The Grand Adventure of Vera Caspary
Caspary’s psycho-thriller Laura (1942, republished in 2005 by Feminist Press) is a pitch-perfect detective yarn that manipulates the tropes of the genre to explore the intersection of class, crime, and sexual politics. Her plot twists are ingenious, her characters expertly drawn, and her prose style as refined and faceted as the best of Raymond Chandler.
Understanding the Other: Elif Shafak’s Honor
Spanning several generations, time frames, cultures, and geographies, the narrative unfolds from the viewpoints of multiple characters and seeks to discover the myriad forces and influences that lead İskender to commit such a heinous crime.
Émilie du Châtelet: The Lady Who Was A Great Man
In zestful prose, itself dripping with Voltarian wit, Mitford spins an account of the lovers’ incessant shenanigans, both highbrow and bawdy, and in so doing paints a flamboyant, down-and-dirty tableau of the French Enlightenment.
Zelda: The Madwoman in the Flapper Dress
“Is a pen a metaphorical penis?” Sandra Gilbert and Susan Gubar asked in their seminal study of women writers and the literary imagination The Madwoman in the Attic (1979, reissued 2011). Their answer was a resounding, if complex, yes, resulting in our most robust and far-reaching feminist literary theory to date.
Reinventing Love or, Slavery Inc.: The Untold Story of International Sex Trafficking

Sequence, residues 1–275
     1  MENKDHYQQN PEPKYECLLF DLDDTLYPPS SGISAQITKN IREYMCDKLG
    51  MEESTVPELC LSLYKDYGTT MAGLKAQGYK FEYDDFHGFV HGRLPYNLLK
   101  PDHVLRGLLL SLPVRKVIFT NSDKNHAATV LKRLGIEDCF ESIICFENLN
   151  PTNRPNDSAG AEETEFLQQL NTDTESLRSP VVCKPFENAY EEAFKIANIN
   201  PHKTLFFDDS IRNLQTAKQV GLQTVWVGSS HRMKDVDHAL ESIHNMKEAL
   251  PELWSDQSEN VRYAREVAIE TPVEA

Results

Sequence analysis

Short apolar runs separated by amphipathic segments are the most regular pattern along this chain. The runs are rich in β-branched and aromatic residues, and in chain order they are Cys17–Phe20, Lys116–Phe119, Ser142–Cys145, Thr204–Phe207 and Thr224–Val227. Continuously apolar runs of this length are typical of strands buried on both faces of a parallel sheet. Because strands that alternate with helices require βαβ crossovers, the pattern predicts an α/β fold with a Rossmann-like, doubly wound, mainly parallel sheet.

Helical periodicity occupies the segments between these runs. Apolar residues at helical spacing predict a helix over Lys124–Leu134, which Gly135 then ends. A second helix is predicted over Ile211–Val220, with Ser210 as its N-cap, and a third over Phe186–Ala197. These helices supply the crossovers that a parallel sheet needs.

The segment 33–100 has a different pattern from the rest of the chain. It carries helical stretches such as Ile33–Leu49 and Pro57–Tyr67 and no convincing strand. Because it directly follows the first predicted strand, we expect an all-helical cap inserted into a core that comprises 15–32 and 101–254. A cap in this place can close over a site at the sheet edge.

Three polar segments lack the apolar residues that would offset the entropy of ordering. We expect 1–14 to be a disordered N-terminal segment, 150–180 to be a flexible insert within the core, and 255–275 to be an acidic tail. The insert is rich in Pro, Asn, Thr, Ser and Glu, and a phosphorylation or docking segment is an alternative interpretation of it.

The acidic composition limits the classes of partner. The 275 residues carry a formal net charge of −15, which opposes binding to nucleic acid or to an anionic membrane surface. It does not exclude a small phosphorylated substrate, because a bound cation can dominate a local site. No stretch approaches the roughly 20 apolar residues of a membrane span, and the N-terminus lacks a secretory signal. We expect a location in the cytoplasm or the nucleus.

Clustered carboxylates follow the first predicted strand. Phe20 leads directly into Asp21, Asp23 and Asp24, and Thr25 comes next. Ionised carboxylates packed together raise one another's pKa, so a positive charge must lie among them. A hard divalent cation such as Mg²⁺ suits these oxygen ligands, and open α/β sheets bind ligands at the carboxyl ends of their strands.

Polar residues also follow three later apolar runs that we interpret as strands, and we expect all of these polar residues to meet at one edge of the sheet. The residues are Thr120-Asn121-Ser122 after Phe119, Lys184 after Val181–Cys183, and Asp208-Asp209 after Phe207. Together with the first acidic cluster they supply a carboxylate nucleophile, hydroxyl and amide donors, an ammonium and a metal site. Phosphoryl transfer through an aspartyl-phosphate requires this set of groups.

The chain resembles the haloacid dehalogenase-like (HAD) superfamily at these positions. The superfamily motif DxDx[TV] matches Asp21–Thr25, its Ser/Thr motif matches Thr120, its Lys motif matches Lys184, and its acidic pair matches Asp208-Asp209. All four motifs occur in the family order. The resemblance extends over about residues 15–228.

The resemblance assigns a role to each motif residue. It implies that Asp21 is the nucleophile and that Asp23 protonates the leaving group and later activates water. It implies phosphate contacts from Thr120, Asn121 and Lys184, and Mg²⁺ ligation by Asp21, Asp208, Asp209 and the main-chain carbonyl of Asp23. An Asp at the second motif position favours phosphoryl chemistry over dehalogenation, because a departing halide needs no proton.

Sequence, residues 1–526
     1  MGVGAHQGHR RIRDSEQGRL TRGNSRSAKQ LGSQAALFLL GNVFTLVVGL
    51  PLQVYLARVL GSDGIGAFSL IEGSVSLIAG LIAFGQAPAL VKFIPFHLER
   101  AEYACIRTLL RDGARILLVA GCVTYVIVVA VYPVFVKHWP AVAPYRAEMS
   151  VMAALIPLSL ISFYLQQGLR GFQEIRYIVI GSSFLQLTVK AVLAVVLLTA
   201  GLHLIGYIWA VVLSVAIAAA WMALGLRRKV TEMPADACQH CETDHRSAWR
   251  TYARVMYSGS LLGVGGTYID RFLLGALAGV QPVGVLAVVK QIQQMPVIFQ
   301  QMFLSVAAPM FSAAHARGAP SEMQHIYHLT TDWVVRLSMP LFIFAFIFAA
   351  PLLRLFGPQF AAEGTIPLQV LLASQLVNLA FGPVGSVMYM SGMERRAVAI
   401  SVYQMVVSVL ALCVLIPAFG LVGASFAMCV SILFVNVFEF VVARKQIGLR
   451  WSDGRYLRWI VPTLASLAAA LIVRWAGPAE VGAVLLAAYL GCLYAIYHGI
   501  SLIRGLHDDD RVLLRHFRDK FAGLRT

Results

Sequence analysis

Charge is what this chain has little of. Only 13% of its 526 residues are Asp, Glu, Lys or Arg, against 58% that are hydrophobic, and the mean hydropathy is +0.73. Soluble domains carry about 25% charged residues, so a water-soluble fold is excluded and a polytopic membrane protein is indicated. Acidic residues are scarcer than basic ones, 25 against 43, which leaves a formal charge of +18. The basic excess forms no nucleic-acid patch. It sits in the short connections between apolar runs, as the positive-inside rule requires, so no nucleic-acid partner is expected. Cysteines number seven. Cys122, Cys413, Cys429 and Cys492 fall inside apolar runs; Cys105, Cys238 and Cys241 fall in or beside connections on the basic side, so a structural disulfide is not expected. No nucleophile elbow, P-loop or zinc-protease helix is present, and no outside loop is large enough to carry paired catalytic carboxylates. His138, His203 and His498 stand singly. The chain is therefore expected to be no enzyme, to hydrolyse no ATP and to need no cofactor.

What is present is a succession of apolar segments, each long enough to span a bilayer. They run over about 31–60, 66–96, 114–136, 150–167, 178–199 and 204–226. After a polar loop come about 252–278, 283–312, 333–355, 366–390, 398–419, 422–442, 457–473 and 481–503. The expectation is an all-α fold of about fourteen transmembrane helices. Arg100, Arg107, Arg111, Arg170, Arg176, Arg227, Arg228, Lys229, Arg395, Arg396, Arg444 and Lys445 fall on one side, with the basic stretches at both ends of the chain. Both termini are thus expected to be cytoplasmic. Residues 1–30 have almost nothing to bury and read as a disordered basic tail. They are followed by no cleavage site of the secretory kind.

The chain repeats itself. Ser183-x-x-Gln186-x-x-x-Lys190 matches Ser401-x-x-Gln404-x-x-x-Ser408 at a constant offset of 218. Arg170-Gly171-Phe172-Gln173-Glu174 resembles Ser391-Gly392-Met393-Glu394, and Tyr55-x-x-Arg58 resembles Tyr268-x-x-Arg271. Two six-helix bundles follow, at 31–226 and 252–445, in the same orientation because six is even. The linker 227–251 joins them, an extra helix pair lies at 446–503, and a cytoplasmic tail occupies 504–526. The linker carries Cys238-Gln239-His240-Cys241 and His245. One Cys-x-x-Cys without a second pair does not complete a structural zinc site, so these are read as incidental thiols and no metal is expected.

Worldwide, one of the first things enslaved girls are taught, Cacho reveals in Slavery Inc., her devastating exposé of the rapidly expanding global market for sex slaves, is to call their clients “my love,” “my life,” “darling,” “big daddy,” or “my king.”
The (Imagined) Woman Reader and Male Anxiety
Male anxiety about the woman reader is as old as reading itself. In Belinda Jack’s new book The Woman Reader, she meticulously explores the manifestation of this anxiousness historically.
Eluding Magnificent Monuments: The Stylish Lives of Esther Murphy, Mercedes de Acosta, and Madge Garland
In trying to come to terms with what she perceived as her friend Esther Murphy’s colossal failure of a life, the novelist Dawn Powell wrote to Esther’s brother Gerald, “Some people don’t want to be the action — they really want to be spectator.” In All We Know: Three Lives, Lisa Cohen’s mind-stretching book about three early 20th-century women who dwelled on the margins of celebrity, Powell’s division becomes specious.
The Sultana of Subversion: Three Hard-Boiled Novels by Dorothy B. Hughes
Hughes herself stole brilliantly from her fellow pulp writers, added her inimitable twist, and became the “Queen of Noir,” the “Mistress of Dark Suspense.” She, in turn, was stolen from by the likes of Jim Thomson, Patricia Highsmith, Ruth Rendell, and Sara Paretsky.
Blood on the Paper: The Barbed Legacy of Lillian Hellman
Historian Alice Kessler-Harris’s intriguing new biography A Difficult Woman: The Challenging Life and Times of Lillian Hellman offers a reassessment of Hellman through the lens of “gender as an ideological force.” Hellman’s life is not examined chronologically but by theme, and Kessler-Harris’s spiral structure produces a richly layered approach, despite suffering from repetition.
“Arm Yourself Against My Dawn”: Revisiting Jean Strouse’s groundbreaking biography of Alice James
First published in 1980, Strouse’s dazzling, bold, and formidable Alice James: A Biography has recently been reissued as part of the New York Review of Books Classics series and justly so. Strouse’s study, composed in radiant prose, is easily a classic of biography, deftly and elegantly incorporating social history, family history, the history of the science of psychology, and literary criticism.